6th Class

Greeting Strangers

I generally try to avoid stopping to chat with strangers on the street, or allow my pup to approach other dogs while he's on leash. You're distracted and it's easy for your puppy to make mistakes. Saying that, it's often really hard to avoid people, especially when you're in the company of the world's cutest puppy.

You do want your pup comfortable meeting people on the street, but that doesn't mean you have to stop and introduce your pup to everyone. You want to make sure you're setting your pup up for a safe/fun encounter, with people and children who are calm and gentle. No sudden movements, or overly excited behaviours just yet, and remember you can always say No if you don't feel comfortable stopping. A good excuse to use is "Sorry, my pups sick at the moment", or "I can't stop, I'm running late".

  • Never hand your pup over to a stranger to hold, or allow them to pick your puppy up. Not only does this put your puppy at risk of being dropped, but it takes away their escape route. Instead, I like to crouch down to my pup's level, which will encourage the stranger to join you, also preventing them from leaning over your pup, which can also be intimidating.
  • You can try giving the stranger treats to feed to your pup, especially if your puppy is a little on the shy side and doesn't want to be touched, saying that never force your pup to say hi. If your puppy wants nothing to do with the stranger, even after you've stopped, just apologize and move on.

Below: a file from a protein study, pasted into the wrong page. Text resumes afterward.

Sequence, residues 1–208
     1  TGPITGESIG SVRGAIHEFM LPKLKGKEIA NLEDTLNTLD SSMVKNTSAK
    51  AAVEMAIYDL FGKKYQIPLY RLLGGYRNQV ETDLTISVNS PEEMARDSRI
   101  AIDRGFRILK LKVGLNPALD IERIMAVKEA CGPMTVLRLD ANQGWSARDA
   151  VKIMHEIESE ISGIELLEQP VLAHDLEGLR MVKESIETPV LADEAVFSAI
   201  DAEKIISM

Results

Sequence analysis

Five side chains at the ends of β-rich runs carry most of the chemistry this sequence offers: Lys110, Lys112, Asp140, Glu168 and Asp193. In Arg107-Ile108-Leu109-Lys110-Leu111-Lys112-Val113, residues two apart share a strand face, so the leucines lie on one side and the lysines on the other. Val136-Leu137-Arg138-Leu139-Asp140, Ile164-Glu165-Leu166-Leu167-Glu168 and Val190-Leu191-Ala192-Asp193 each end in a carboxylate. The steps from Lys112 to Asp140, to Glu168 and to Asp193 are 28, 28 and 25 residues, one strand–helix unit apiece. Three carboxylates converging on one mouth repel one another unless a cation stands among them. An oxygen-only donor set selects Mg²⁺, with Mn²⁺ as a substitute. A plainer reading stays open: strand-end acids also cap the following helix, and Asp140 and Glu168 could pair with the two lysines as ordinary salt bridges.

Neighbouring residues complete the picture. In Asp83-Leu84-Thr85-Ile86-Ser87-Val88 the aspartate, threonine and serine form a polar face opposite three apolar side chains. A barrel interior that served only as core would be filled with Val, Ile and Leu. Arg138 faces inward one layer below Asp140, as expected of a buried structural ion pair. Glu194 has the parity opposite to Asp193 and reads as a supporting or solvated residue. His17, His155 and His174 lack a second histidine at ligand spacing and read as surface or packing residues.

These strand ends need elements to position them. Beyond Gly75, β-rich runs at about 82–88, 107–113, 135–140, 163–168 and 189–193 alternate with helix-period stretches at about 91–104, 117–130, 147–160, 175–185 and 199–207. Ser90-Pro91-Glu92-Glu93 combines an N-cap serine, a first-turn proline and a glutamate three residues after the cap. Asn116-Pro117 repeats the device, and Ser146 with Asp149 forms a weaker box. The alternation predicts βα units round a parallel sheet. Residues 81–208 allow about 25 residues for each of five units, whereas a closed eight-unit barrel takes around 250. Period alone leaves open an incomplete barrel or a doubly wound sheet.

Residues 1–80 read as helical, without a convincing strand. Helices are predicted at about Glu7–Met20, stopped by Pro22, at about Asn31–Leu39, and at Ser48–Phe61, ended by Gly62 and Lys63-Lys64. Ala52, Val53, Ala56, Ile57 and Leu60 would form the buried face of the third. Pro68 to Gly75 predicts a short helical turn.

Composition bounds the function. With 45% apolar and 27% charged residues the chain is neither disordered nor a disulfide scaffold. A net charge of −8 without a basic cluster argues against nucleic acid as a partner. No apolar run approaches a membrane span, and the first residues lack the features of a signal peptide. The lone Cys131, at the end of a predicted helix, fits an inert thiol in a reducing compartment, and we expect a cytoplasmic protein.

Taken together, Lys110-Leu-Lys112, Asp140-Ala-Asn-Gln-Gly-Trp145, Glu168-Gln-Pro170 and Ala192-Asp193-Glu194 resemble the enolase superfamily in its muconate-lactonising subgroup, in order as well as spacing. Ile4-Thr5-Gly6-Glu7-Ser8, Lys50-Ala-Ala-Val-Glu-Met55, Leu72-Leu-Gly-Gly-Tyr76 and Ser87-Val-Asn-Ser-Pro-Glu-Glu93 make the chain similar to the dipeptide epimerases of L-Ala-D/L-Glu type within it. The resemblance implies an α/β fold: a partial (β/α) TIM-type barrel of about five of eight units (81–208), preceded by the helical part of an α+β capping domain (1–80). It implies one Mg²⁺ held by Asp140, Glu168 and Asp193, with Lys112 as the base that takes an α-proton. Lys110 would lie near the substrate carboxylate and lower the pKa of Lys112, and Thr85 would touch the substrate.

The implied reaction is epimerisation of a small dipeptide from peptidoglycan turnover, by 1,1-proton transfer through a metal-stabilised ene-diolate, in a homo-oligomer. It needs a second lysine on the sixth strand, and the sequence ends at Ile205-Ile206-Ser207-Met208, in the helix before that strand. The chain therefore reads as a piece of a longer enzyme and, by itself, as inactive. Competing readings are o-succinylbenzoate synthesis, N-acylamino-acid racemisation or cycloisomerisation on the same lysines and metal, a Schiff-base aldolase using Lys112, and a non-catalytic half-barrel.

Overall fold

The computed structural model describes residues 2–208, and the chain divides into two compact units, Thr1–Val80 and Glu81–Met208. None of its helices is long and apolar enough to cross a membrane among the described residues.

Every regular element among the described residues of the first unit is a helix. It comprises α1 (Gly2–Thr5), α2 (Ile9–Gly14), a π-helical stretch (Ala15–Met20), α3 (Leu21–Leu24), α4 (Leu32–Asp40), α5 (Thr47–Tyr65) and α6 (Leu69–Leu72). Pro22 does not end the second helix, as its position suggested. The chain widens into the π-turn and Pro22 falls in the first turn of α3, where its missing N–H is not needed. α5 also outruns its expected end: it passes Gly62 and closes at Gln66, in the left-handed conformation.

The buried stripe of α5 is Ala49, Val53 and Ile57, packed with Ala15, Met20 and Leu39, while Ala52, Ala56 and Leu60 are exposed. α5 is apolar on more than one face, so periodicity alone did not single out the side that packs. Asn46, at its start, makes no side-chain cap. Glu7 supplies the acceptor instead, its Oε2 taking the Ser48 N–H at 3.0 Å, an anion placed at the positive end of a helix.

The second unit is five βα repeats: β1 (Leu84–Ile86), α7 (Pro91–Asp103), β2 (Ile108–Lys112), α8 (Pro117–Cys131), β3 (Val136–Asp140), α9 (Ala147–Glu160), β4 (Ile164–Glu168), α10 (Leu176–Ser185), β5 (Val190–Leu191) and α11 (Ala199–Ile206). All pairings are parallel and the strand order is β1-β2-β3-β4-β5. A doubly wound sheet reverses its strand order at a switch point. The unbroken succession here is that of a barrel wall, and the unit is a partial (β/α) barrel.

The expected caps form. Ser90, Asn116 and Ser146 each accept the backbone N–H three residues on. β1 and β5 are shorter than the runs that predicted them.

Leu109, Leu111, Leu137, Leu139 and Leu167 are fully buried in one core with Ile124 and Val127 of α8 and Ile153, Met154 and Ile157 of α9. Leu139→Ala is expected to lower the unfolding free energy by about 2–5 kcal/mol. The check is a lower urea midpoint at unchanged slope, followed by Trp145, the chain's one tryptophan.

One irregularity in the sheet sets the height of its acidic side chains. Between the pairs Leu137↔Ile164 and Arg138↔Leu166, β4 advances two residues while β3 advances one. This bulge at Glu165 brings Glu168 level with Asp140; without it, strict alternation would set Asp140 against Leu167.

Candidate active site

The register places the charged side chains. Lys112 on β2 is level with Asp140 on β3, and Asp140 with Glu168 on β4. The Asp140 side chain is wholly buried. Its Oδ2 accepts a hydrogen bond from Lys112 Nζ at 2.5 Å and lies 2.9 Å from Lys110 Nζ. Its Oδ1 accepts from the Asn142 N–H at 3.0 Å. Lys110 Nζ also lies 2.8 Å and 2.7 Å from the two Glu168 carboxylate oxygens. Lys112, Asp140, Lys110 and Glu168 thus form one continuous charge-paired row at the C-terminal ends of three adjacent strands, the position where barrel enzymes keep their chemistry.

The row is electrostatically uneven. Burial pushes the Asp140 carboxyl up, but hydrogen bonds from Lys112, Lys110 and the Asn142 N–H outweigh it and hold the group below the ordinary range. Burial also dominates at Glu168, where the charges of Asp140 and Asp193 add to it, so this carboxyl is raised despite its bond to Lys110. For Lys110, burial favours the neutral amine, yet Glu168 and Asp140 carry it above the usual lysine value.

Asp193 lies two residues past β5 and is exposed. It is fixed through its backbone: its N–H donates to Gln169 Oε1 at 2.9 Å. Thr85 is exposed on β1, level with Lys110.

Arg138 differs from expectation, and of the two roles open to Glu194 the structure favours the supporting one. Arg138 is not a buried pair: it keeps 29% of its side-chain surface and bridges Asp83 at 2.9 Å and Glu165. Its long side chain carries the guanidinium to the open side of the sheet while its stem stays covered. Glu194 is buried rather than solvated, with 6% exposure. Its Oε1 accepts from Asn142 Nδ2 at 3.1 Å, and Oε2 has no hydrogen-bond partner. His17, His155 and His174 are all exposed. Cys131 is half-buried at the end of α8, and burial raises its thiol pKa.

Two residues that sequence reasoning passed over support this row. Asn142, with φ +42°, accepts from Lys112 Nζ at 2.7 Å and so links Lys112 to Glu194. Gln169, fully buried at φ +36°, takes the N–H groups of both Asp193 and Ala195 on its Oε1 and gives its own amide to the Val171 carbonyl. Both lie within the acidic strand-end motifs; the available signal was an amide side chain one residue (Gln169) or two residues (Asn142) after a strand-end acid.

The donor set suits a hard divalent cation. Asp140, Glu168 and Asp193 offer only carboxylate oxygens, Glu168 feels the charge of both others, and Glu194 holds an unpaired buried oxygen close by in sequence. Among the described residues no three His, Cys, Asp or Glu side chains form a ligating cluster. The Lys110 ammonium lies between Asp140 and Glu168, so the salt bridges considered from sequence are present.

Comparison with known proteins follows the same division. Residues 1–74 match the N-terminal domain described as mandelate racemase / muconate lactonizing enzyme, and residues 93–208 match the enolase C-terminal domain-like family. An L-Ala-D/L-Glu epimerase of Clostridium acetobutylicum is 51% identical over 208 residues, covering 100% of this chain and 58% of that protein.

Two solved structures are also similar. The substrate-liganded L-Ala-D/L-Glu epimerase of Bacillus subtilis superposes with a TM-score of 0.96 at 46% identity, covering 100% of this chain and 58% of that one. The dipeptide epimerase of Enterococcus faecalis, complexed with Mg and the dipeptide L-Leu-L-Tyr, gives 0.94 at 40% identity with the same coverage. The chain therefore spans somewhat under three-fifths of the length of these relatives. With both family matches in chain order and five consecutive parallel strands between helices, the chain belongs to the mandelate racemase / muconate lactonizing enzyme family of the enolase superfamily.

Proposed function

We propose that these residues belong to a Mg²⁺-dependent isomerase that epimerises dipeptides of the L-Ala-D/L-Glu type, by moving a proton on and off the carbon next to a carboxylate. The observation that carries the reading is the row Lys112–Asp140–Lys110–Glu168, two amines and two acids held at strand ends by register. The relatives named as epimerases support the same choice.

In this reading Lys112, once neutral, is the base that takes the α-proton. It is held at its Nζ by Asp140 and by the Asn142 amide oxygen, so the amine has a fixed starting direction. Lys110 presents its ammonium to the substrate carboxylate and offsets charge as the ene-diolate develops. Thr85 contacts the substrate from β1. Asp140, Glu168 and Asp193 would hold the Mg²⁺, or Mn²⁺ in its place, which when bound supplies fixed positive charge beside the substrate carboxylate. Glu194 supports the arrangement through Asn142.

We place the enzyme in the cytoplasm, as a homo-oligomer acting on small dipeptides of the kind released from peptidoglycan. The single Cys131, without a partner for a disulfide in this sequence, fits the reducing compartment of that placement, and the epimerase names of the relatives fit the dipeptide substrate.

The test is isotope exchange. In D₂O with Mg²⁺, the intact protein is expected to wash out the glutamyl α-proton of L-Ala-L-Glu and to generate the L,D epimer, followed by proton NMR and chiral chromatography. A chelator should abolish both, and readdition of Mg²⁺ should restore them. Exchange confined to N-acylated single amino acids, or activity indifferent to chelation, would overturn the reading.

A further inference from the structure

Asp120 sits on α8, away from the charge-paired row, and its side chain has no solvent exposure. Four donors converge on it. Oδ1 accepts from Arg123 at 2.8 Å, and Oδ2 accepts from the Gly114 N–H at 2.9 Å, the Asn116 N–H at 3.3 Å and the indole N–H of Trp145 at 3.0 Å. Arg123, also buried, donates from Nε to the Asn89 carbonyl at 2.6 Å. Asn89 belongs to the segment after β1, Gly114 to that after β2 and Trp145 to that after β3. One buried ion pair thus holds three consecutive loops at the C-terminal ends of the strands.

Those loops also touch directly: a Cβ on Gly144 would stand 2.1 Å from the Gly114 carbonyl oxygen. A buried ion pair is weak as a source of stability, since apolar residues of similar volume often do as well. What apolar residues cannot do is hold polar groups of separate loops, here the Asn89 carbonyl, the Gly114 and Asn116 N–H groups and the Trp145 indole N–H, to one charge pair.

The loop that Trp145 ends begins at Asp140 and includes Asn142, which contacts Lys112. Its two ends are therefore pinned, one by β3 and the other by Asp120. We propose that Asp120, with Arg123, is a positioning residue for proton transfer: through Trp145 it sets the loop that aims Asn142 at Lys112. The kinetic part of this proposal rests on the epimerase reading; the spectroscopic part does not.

• The best place for a stranger to touch your pup is on the chest and shoulder, or near the base of their tail. Try and avoid hands over their head or ear scratching as this is a pretty vulnerable part of the body for your pup - it's like jumping straight in at Second Base!
  • If your pup is super excited slid a couple of finger into their harness, or shorten their leash to prevent them from jumping all over the stranger with full force. If your pup put their paws up, gently place your hand on their chest and guide their paws back to the ground. The aim here is to show them that all good things come to them while their four-paws are on the floor, preventing your puppy from self-rewarding by jumping-up.

Find The Cookie

One of the best games for a rainy weekend, and a great way to strengthen your puppy's Sit - Stay.

I like to start off with my pup in the same room as me, so they are able to watch what I'm doing. Once they understand the rules of the game you can then ask them to hold a Sit in another part of the home while you hide The Goods.

  • Either have you pup hold a Sit, or attached them to a piece of furniture on a short leash.
  • Show your pup the treat that you will be hiding. Let them sniff, lick and lightly nibble it - we want them focused, excited and ready to go!
  • Quickly move across the room and place the treat behind an object. Come back to your pup, and release them with the cue "Find the Cookie".
  • Move across the room with your pup, offer a little help if they get distracted. Celebrate with them once they find the cookies...and quickly eat it!

After a couple of easy rounds you're now ready to mix things up a little. Ask you pup to hold a Sit while you walk around the room, randomly touching the floor behind a few objects. Hide the treat at one of these stops, but be sneaky about it.

Want to play "Find the Car Keys"? It's the same setup as above, but this time let them sniff the keys before you hide them. Release them with the cue "Find the Keys", then follow them around the room. As soon as your pup touches the keys with their nose, Click or "Yes" and place the treat on the floor next to the keys.